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Two Memorial Day Speeches

I was just informed by a friend that the Bill Bennett Show read my Memorial Day Speech from 2004.  I gave my talk at the Ashland Cemetery.  He said it was good.  I thank him for his kindness.  But since he mentioned good speeches, let me bring this 1884 memorial Day Speech by Oliver Wendell Holmes to your attention.  He gave it in Keene, NH, in a white painted town hall on the village common.
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Discussions - 5 Comments

Peter, when I was looking for information about today's ceremonies in Ashland I could find nothing current, but your Memorial Day speech is everywhere online. It is a good speech, worth repeating.

The local VFW gave me information and it was interesting to see how Ashland celebrates its veterans. It is much like my own small town's ceremony and maybe just like those of towns all over the country. The speaker didn't know how to pronounce "Corpsman" nor that a Corpsman is a sailor, nor much about the military at all, except that he knew to be grateful, which is the main thing. We can forgive his slips and expect that he was gently corrected at the VFW luncheon after the ceremony. He quoted much from this Oliver North speech, telling the story, his own civilian way: http://www.nragive.com/ringoffreedom/index.html

The best Memorial Day speeches seem to remind the rest of us, those who were not ever even close to a battlefield and for whom the whiff of the celebratory cannon smoke on the day are close as we will ever get, that we haven't really got a clue. We remember to be grateful because we do not have to have a clue about war. Is it wrong to feel both appreciation and relief on the day?

Please thank your son for his service. My two in service, Navy and Marines, are expecting to deploy this year. I should say, they are looking forward to it. Not me. Yes, of course I am proud of them, but the thought still sickens, especially after watching those families in the reserved seating at the Ashland Cemetery military memorial. May they all come home: all.

PWS, you are a fine patriot, sir. During this day in which Americans enjoy time with family and friends, eating good food, watching kids swimming, drinking beer, traveling, etc., we remember the soldiers who gave their last full measure of devotion that we have the liberty and opportunity to enjoy such a day of leisure.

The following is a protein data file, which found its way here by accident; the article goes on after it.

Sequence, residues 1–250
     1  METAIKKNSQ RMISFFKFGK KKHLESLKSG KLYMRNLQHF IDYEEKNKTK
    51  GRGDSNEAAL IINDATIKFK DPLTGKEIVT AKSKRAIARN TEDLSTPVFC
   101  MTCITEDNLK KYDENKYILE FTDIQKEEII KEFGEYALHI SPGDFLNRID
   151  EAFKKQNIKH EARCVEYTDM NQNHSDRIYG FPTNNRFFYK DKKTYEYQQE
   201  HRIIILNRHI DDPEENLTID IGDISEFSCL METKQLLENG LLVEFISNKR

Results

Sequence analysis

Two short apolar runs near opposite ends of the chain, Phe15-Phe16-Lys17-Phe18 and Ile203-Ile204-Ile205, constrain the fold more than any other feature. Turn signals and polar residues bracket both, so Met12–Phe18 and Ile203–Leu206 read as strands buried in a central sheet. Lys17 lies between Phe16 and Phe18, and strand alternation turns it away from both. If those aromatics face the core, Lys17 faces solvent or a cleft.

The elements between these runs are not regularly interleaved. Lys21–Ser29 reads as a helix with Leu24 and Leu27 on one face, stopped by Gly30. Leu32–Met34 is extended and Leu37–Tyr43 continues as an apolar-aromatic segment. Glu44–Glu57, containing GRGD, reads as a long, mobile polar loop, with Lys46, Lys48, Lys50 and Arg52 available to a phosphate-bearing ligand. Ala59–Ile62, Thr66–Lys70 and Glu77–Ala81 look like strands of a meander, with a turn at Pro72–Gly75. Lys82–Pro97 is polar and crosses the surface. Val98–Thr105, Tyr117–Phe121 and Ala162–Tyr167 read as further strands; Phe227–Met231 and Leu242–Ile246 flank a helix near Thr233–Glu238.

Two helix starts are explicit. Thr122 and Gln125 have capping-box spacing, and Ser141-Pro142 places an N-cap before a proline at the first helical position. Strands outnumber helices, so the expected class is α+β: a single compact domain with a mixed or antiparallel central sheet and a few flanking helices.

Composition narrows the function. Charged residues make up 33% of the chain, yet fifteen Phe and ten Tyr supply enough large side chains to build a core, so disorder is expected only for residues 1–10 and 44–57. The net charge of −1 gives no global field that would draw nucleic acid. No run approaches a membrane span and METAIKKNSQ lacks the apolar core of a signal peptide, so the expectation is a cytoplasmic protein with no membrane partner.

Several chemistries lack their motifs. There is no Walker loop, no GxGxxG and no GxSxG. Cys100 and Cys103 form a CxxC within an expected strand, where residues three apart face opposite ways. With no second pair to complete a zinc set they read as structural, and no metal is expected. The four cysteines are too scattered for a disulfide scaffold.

Have I told you I am teaching again next year after five years of writing books? Local diocesan Catholic school teaching AP Euro, US Hist, & Govt. Wish me luck.

Hi Kate! Thanks for passing along the link. I think I have seen this title in my LF catalog and it looks interesting. It's an older book by a few centuries but may contain interesting insights. Some of the best critiques of the French Revolution in my mind come from the pen of Francois Furet and there was a book on the legacy of the French Revolution with some comparisons to the American Revolution by some Ashbrook and Claremont folk in a Roman Littlefield book called The Legacy of the French Revolution, which I have been meaning to read. Always on the lookout for new books ~ cheers!

I thought it related to our previous discussion, but I found it because JQA was the translator. I am a bit obsessed with him. Ah, I have found a free version online just now and note in the translator's preface: "It is for two reasons highly interesting to Americans: First, because it contains the clearest account of the rise and progress of the revolution which established their independence, that has ever appeared within so small a compass; and secondly, because it rescues that revolution from the disgraceful imputation of having proceeded from the same principles as that of France. This error has no where been more frequently repeated, no where of more pernicious tendency than in America itself. It has been, here not simply a common-place argument, as Mr. Gentz represents it to have been in Europe, but has been sanctioned by the authority of men, revered for their talents, and who at least ought to have known better."

I have my ideas about who those "men, revered for their talents" who ought to know better might be. Who do you think he meant?

It is only 50 pages long in the pdf version I found.

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